Hideyo Noguchi with signature
November 24, 1876|
Inawashiro, Fukushima prefecture
|Died||May 21, 1928
Hideyo Noguchi (野口 英世 Noguchi Hideyo , November 24, 1876 – May 21, 1928), also known as Seisaku Noguchi (野口 清作 Noguchi Seisaku ), was a prominent Japanese bacteriologist who discovered the agent of syphilis as the cause of progressive paralytic disease in 1911.
Early life 
Noguchi Hideyo was born in Inawashiro, Fukushima prefecture in 1876. When he was one and a half years old he fell down into a fireplace and suffered a burn injury on his left hand. There was no doctor in the small village, but one of the men examined the boy. "The fingers of the left hand are mostly gone," he said, "and the left arm and the left foot and the right hand are burned; I know not how badly."
In 1883 he entered Mitsuwa elementary school. Thanks to generous contributions from his teacher Kobayashi and his friends, he was able to receive surgery on his badly burned left hand. He recovered about 70% mobility and functionality in his left hand through the operation.
Noguchi decided to become a doctor to help those in need. He apprenticed himself to Dr. Kanae Watanabe (渡部 鼎 Watanabe Kanae ), the same doctor who had performed the surgery on his hand. He entered Saisei Gakusha, which later became Nippon Medical School. He passed the examinations to practice medicine when he was twenty years old in 1897. He showed signs of great talent and was supported in his studies by Dr. Morinosuke Chiwaki. In 1898, he changed his first name to Hideyo after reading a novel about a doctor who had the same name - Seisaku - as him. The doctor in the novel was intelligent like Noguchi, but became lazy and ruined his life.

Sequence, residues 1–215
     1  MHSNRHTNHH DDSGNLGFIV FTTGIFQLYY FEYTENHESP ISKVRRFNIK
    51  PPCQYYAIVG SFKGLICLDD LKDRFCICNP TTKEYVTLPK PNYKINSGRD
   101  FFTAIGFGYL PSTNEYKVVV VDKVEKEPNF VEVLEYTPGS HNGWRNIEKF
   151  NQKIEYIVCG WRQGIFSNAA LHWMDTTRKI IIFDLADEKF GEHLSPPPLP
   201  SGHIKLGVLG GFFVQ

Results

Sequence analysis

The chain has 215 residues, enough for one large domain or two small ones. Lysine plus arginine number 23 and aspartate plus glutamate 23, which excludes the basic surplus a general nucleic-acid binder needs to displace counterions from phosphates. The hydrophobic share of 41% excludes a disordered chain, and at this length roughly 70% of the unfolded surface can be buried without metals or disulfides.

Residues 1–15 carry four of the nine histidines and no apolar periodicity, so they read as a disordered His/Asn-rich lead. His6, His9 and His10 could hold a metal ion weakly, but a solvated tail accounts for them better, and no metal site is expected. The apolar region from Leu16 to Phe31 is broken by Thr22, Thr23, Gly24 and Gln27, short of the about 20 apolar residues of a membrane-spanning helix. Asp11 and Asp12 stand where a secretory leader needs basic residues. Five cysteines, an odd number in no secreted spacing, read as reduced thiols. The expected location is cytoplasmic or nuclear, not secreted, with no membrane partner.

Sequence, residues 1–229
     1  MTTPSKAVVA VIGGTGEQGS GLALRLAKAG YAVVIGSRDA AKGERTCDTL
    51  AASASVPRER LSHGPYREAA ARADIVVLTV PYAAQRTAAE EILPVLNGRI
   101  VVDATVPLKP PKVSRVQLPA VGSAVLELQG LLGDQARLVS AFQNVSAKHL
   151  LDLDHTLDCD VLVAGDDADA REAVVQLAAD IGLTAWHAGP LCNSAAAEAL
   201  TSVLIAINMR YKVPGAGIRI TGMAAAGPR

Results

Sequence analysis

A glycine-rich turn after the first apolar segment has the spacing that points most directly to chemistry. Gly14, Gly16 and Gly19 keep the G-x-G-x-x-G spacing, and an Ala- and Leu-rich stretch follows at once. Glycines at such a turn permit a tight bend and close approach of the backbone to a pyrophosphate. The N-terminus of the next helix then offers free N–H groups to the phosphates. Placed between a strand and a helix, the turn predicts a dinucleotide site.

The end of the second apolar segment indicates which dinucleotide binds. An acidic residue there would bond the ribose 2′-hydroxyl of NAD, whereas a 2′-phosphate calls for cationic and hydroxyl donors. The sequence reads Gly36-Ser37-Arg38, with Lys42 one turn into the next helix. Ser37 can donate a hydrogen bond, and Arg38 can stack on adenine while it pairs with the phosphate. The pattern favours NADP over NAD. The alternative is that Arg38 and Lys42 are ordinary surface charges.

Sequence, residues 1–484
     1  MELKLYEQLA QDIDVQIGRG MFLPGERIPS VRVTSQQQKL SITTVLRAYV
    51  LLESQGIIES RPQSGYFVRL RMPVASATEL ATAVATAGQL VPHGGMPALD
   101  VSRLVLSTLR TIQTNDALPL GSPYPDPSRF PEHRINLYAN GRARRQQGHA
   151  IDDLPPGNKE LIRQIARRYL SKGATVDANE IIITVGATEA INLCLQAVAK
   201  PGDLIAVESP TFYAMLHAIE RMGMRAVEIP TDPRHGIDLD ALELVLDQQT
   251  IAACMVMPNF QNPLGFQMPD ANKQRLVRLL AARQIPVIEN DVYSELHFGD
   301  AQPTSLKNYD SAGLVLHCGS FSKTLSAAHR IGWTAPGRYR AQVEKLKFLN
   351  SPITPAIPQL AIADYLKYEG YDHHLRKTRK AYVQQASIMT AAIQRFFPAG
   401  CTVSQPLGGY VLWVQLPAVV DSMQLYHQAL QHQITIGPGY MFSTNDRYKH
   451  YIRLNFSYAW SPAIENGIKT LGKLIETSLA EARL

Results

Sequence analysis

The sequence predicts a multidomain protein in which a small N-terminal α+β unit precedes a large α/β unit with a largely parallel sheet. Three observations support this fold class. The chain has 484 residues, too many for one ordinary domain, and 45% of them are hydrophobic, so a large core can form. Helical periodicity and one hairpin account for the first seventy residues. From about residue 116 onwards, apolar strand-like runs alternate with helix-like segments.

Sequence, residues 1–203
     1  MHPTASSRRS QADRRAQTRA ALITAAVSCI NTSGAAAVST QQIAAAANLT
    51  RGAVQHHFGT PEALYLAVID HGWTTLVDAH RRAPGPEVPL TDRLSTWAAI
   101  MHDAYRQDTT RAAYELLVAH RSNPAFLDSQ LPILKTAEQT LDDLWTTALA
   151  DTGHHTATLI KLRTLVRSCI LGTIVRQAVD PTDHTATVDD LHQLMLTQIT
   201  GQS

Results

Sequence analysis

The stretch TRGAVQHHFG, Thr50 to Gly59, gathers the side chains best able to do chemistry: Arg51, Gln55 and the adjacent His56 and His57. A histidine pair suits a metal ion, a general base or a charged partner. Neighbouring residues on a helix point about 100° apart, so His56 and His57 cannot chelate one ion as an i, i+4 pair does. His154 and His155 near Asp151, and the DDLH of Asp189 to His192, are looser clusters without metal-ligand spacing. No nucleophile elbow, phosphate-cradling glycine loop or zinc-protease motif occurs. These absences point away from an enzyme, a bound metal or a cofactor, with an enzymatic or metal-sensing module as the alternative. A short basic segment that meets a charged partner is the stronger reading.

In 1900 Noguchi moved to the United States, where he obtained a job as a research assistant with Dr. Simon Flexner at the University of Pennsylvania and later at the Rockefeller Institute of Medical Research. He thrived in this environment. At this time his work concerned poisonous snakes. In part, his move was motivated by difficulties in obtaining a medical position in Japan, as prospective employers were concerned about the impact the hand deformity would have on potential patients. In a research setting, this handicap became a non-issue. He and his peers learned from their work and from each other. In this period, a fellow research assistant in Flexner's lab was Frenchman Alexis Carrel, who would go on to win a Nobel Prize in 1912; and Noguchi's work would later attract the Prize committee's scrutiny. The Nobel Foundation archives have been only recently opened for public inspection; and what was once only speculation is now confirmed. He was nominated for the Nobel Prize in Physiology or Medicine in 1913-1915, 1920, 1921 and 1924-1927.
While working at the Rockefeller Institute of Medical Research in 1911, he was accused of inoculating orphan children with syphilis. Although he was acquitted of any wrongdoing, this is considered to be an early instance of unethical human experimentation.
In 1913, he demonstrated the presence of Treponema pallidum (syphilitic spirochete) in the brain of a progressive paralysis patient, proving that the spirochete was the cause of the disease. Dr. Noguchi's name is remembered in the binomial attached to another spirochete, Leptospira noguchii.
In 1918, Noguchi traveled extensively in Central America and South America to do research for a vaccine for yellow fever, and to research Oroya fever, poliomyelitis and trachoma. He believed that yellow fever was caused by spirochaete bacteria instead of a virus, and spent much of the next ten years attempting to prove this theory. His work on yellow fever was widely criticized as taking an inaccurate approach which was contradicting contemporary research, and confusing yellow fever with other pathogens. In 1927-28 three different papers appeared in medical journals which discredited his theories. Happily, it turned out he had confused yellow fever with leptospirosis, and his "yellow fever" vaccine was successfully used to treat the latter disease.
In 1928, Noguchi traveled to Africa in an attempt to prove his findings about yellow fever. While working in Accra, Gold Coast (modern-day Ghana) he died from yellow fever on May 21, 1928, his last words being "I don't understand."